He did not feel the service would be redundant to Bublr Bikes.
“Why do we need only one thing? Bublr is doing great things,” Cordio said.
Following LimeBike’s presentation, a panel of startup founders and employees discussed how young professionals can get involved in the Milwaukee startup community.
The panelists were: Joe Laurendi, co-founder and chief technology officer at Bright Cellars; Khalif El-Amin, co-founder of Young Enterprising Society; Jourdan Miller, marketing director at Access HealthNet; Jordon Meyer, president of Granular; and Steve Kroll, vice president at Granular. BizTimes Milwaukee managing editor Molly Dill moderated the discussion.
Laurendi discussed the decision he and co-founder Richard Yau made to bring Bright Cellars from Boston to Milwaukee.
“We scoured our network, we found one of our friends did gener8tor,” Laurendi said. “We came over to Milwaukee, met some investors and heard about, at that time Ward4 was still just an idea and it was about to launch. We heard about Milwaukee’s trying to expand and grow as a tech hub and that sounded great to us.”
Meyer said he took a more gradual path into establishing his Milwaukee startup.
“I was working a corporate job, 50, 60 hours a week from Minneapolis and on the side I had a blog and I had good traction for people coming to me for advice and to manage their paid search. Selling all my nights and weekends. Long story short, I ran out of time,” Meyer said.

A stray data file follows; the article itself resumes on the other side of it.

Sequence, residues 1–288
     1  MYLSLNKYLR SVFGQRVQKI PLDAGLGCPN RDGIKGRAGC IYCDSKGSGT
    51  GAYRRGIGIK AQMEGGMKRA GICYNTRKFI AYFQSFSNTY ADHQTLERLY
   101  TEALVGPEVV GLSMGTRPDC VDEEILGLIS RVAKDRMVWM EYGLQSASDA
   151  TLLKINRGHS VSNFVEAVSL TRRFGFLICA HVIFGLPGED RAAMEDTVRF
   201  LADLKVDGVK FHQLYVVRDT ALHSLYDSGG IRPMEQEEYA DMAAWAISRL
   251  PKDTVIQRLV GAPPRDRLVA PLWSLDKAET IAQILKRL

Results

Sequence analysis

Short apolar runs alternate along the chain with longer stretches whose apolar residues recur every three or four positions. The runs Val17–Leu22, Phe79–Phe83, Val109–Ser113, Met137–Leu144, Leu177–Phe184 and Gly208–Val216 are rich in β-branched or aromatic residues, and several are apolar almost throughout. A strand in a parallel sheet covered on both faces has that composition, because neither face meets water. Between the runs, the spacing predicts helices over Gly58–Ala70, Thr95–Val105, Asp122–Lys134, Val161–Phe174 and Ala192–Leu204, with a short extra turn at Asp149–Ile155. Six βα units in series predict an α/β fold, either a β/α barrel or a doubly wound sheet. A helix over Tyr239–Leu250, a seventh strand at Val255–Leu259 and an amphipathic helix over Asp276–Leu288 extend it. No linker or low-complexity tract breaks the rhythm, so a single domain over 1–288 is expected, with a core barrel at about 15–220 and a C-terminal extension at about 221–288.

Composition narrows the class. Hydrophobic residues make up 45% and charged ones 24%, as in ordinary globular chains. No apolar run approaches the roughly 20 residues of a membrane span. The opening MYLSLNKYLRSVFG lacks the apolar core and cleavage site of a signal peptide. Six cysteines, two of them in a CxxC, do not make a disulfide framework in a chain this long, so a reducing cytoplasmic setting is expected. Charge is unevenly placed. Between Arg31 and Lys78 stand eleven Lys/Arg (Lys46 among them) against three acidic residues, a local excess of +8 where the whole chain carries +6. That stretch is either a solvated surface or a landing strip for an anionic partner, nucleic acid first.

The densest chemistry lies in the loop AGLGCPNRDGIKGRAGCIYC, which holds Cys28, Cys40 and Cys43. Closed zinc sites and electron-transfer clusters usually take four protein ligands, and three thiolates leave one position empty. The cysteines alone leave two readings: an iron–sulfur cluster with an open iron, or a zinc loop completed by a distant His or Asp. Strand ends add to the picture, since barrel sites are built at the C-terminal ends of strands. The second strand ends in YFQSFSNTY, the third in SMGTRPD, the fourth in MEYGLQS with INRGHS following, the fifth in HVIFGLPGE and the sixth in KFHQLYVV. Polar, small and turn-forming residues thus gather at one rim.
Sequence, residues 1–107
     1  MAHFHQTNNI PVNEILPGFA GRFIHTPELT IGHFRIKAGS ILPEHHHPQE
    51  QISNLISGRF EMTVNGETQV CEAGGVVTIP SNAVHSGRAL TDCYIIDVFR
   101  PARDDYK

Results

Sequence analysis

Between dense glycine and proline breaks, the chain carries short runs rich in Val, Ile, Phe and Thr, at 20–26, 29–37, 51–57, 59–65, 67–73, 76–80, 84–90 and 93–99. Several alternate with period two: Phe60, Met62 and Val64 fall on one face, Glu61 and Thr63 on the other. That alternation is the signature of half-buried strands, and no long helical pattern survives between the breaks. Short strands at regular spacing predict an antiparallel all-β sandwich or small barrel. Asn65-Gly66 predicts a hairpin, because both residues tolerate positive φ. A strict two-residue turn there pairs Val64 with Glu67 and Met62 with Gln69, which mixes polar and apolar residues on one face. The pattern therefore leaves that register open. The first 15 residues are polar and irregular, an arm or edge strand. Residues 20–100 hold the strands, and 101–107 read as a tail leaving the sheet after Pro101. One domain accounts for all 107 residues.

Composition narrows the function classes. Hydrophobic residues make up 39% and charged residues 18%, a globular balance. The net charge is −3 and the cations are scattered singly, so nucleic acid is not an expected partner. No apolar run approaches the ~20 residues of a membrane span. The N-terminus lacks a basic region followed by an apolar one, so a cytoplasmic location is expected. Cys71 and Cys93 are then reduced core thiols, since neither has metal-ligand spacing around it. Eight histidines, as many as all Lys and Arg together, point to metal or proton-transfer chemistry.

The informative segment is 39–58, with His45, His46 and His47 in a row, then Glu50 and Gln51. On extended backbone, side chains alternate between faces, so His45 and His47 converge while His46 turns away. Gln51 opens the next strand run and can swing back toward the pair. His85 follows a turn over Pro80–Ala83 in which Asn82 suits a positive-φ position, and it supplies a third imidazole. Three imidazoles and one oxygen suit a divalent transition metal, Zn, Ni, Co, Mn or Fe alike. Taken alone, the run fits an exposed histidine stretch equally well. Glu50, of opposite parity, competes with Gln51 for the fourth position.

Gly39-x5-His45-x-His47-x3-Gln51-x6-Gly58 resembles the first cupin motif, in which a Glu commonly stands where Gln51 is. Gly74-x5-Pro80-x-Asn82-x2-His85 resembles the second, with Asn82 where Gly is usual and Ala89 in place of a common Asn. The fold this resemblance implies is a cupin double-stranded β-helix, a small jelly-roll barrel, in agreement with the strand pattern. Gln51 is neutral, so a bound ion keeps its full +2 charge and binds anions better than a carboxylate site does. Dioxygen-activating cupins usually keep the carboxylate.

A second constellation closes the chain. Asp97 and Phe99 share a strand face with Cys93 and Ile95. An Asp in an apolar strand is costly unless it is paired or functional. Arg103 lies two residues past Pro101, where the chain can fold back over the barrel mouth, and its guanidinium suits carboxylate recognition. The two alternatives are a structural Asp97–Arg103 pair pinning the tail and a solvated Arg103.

Those who work at startups talked about their career paths and how they leveraged their networks to find their current roles.
“Working for a startup, it’s a true meritocracy. People don’t care where your background is, where you come from. If you’re willing to grind, actively listen and put in the work, everyone has a skillset they can bring to the table,” Kroll said. “It’s really what you make of it.”
“A startup gives you an opportunity to dabble in many things you may be good at. It also allows you to show upper management and the rest of your team that you can contribute when money’s tight and we’re bootstrapping,” Miller said.
Meyer and El-Amin said despite the more uncertain nature of startups, they haven’t been too challenged to attract talent.
“It hasn’t been difficult for us to attract the talent as much as it’s been difficult for us to decipher between the talent,” El-amin said. “In a startup…it’s your baby, it’s your passion, it’s something that you put your blood sweat and tears into, and you don’t want to just let anyone into that company.”
Meyer also called on Milwaukee investors to help startups by investing in them.
“If you’ve got a little money sitting in the bank making 0.01 percent interest, you may as well take a little gamble and put some money where some passion is,” he said. “If you look at Chicago, Minneapolis and the coasts, we’re getting our (rear ends) kicked with investment, so it’s time to step up.”
And El-Amin encouraged employers to provide externships that would Young Enterprising Society high school students learn more about STEM careers.